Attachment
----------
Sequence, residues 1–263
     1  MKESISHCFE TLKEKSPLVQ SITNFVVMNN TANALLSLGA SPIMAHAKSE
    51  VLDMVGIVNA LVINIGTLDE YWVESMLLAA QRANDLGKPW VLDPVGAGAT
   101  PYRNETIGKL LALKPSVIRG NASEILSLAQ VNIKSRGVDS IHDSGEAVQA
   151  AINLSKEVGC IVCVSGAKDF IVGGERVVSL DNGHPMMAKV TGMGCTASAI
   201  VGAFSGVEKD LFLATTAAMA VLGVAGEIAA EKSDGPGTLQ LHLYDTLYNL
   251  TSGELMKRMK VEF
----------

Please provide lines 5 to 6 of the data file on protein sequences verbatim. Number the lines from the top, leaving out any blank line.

   151  AINLSKEVGC IVCVSGAKDF IVGGERVVSL DNGHPMMAKV TGMGCTASAI
   201  VGAFSGVEKD LFLATTAAMA VLGVAGEIAA EKSDGPGTLQ LHLYDTLYNL